Mol Neurobiol 56 (10) 7113-7127 [2019-10-00; online 2019-04-13]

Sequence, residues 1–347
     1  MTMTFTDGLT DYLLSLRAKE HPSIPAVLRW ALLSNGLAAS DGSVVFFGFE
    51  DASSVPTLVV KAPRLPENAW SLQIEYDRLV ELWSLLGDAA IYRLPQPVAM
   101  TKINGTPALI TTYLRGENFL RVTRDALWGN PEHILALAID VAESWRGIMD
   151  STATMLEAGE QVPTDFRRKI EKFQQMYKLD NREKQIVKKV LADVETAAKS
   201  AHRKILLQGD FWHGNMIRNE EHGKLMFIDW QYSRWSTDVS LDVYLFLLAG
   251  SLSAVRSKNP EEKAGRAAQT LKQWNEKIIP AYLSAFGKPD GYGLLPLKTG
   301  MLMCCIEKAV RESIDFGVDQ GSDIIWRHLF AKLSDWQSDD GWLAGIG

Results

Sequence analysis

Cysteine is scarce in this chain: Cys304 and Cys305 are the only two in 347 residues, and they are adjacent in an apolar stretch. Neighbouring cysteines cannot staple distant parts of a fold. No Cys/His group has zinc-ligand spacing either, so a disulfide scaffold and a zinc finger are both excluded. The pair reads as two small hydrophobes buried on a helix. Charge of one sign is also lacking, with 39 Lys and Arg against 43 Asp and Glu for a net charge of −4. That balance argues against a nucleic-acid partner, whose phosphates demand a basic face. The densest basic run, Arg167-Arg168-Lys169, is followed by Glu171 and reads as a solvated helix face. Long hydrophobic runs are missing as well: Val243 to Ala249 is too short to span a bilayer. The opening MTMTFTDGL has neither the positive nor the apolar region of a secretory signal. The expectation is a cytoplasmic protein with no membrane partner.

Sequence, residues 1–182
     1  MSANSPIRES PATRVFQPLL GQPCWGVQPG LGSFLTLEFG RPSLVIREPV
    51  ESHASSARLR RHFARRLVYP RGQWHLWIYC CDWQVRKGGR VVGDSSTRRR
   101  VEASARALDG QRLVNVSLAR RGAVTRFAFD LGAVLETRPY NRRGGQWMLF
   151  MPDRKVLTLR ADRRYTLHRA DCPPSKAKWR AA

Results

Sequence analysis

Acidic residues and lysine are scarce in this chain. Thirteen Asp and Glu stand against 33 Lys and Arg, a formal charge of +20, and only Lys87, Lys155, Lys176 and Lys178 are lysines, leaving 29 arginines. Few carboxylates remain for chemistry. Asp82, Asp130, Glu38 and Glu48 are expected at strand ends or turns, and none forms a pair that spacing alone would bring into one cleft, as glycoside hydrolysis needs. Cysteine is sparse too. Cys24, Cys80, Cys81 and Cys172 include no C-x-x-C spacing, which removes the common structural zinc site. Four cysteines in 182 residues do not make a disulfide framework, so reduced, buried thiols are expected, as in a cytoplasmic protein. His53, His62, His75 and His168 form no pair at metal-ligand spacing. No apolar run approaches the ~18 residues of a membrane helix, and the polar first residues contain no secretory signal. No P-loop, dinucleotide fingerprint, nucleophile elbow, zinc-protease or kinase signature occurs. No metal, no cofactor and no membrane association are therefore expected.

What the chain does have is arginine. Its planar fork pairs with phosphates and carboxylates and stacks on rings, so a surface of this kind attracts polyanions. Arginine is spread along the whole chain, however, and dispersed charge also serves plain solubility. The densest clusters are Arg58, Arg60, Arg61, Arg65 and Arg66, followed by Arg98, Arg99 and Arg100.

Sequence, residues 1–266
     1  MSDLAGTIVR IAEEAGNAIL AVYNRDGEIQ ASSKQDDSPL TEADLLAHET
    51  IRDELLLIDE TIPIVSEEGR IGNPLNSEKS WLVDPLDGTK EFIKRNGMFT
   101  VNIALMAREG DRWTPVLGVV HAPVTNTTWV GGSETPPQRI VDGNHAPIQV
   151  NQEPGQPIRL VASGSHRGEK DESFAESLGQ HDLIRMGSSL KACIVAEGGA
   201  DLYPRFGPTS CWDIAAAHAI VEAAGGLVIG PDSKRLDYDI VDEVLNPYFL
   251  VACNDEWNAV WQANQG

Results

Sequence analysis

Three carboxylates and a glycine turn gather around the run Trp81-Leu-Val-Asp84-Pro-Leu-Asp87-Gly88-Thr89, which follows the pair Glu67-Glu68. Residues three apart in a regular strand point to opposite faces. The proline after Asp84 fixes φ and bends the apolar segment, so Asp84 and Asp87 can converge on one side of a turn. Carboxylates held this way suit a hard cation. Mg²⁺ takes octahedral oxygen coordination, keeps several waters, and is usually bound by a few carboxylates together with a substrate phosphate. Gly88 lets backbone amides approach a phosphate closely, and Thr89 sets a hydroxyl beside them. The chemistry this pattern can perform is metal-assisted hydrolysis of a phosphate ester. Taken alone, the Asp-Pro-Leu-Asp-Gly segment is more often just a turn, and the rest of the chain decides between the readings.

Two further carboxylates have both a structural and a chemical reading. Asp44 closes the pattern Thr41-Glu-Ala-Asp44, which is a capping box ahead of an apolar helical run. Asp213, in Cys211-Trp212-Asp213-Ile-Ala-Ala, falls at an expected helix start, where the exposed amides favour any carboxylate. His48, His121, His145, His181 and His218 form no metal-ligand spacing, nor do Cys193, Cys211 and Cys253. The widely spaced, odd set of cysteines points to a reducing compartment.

Down syndrome (DS) or trisomy 21 (T21) is a leading genetic cause of intellectual disability. To gain insights into dynamics of molecular perturbations during neurogenesis in DS, we established a model using induced pluripotent stem cells (iPSC) with transcriptome profiles comparable to that of normal fetal brain development. When applied on iPSCs with T21, transcriptome and proteome signatures at two stages of differentiation revealed strong temporal dynamics of dysregulated genes, proteins and pathways belonging to 11 major functional clusters. DNA replication, synaptic maturation and neuroactive clusters were disturbed at the early differentiation time point accompanied by a skewed transition from the neural progenitor cell stage and reduced cellular growth. With differentiation, growth factor and extracellular matrix, oxidative phosphorylation and glycolysis emerged as major perturbed clusters. Furthermore, we identified a marked dysregulation of a set of genes encoded by chromosome 21 including an early upregulation of the hub gene APP, supporting its role for disturbed neurogenesis, and the transcription factors OLIG1, OLIG2 and RUNX1, consistent with deficient myelination and neuronal differentiation. Taken together, our findings highlight novel sequential and differentiation-dependent dynamics of disturbed functions, pathways and elements in T21 neurogenesis, providing further insights into developmental abnormalities of the DS brain.